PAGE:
Since 2006, USGS has partnered with agencies around the world to monitor the spread of highly pathogenic (HPAI) avian influenza.
In 2014, USGS scientists detected three HPAI viruses for the first time in wild birds in North America: H5N2, H5N8, and a recombinant H5N1. In response to HPAI detections, our scientists are working closely with the U.S. Department of Agriculture and other Federal and state agency partners.
Scientists are focusing efforts on HPAI surveillance, genomics, mechanisms of disease spread in wildlife and the environment, and the implications of avian ecology on HPAI disease spread.
Visualizing Avian Influenza — Patuxent Wildlife Research Center
Victims and Vectors: Understanding wild migratory birds and their role in highly pathogenic avian influenza transmission — Patuxent Wildlife Research Center
Highly Pathogenic Avian Influenza Detected for the First Time in Wild Birds in North America — GeoHealth Newsletter
Detection of Novel Highly Pathogenic Avian Influenza Viruses in Wild Birds— Wildlife Health Bulletin
Avian Influenza resources — USDA Animal and Plant Health Inspection Service
FAO-USGS Avian Influenza Projects — Western Ecological Research Center
USGS Fact Sheet 2015-3059 provides additional details about the USGS role and response to highly pathogenic avian influenza.
Due to the global threat to health and human safety posed by avian influenza monitoring has been conducted in the United States to determine the prevalence of such viruses in our wild waterfowl.
Highly pathogenic avian influenza (HPAI), commonly referred to as bird flu, is making its way across North America. In December 2014, the USGS detected three related HPAI H5 viruses in Washington state. To date, strains have been detected in wild birds in 14 states and commercial and backyard poultry in 15 states. Nine states have had outbreaks in both wild birds and poultry.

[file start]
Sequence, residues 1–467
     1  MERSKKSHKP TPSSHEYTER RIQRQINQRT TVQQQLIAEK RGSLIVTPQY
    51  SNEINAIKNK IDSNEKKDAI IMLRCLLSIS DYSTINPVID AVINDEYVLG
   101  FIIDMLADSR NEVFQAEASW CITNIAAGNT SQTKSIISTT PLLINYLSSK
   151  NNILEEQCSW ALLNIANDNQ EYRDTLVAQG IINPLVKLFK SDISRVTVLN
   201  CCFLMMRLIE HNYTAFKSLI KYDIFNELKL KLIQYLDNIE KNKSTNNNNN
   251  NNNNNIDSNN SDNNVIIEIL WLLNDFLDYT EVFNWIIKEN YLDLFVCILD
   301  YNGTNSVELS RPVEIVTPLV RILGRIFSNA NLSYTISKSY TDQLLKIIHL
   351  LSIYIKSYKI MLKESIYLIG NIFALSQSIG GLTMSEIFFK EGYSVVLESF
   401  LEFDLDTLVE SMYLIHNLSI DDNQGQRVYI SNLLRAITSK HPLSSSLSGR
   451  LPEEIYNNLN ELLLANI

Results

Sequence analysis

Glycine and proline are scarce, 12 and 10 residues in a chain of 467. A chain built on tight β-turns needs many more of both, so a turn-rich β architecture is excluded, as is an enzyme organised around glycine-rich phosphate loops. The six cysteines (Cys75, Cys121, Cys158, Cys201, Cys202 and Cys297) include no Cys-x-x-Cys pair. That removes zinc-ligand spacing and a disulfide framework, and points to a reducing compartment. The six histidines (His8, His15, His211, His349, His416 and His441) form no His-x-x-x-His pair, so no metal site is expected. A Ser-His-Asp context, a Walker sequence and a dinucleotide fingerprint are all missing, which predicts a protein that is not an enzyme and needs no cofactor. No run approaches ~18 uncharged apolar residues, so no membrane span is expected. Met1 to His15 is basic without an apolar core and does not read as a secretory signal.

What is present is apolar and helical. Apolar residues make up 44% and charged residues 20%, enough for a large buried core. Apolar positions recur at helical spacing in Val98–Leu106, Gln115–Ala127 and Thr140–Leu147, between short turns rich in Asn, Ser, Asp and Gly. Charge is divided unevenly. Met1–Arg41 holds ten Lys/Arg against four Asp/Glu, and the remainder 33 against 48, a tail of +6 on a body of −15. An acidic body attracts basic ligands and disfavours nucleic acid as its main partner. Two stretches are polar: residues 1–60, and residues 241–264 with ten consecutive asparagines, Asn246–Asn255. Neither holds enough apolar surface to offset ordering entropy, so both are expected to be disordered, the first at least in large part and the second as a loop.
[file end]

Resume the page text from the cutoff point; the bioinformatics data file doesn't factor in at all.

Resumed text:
Alaska’s position within migratory bird flyways of the Pacific Basin. Alaska is an international crossroads for millions of migratory birds that journey each spring from wintering areas in Asia, Russia, South America, and Australasia.
It is unknown how the current Asian origin highly pathogenic avian influenza H5 viruses arrived, but these viruses are now poised to become endemic in North America. Wild birds harbor these viruses and have dispersed them at regional scales. What is unclear is how the viruses may be moving from the wild bird reservoir into poultry holdings. Active surveillance of live wild birds is likely the best way to determine the true distribution of these viruses.
Virology Journal, v. 12, September 2015
The movement of highly pathogenic avian influenza (H5N8) virus across Eurasia and into North America and the virus’ propensity to reassort with co-circulating low pathogenicity viruses raise concerns among poultry producers, wildlife biologists, aviculturists, and public health personnel worldwide. Surveillance, modeling, and experimental research will provide the knowledge required for intelligent policy and management decisions.
Emerging Infectious Diseases, v. 21, no. 7, July 2015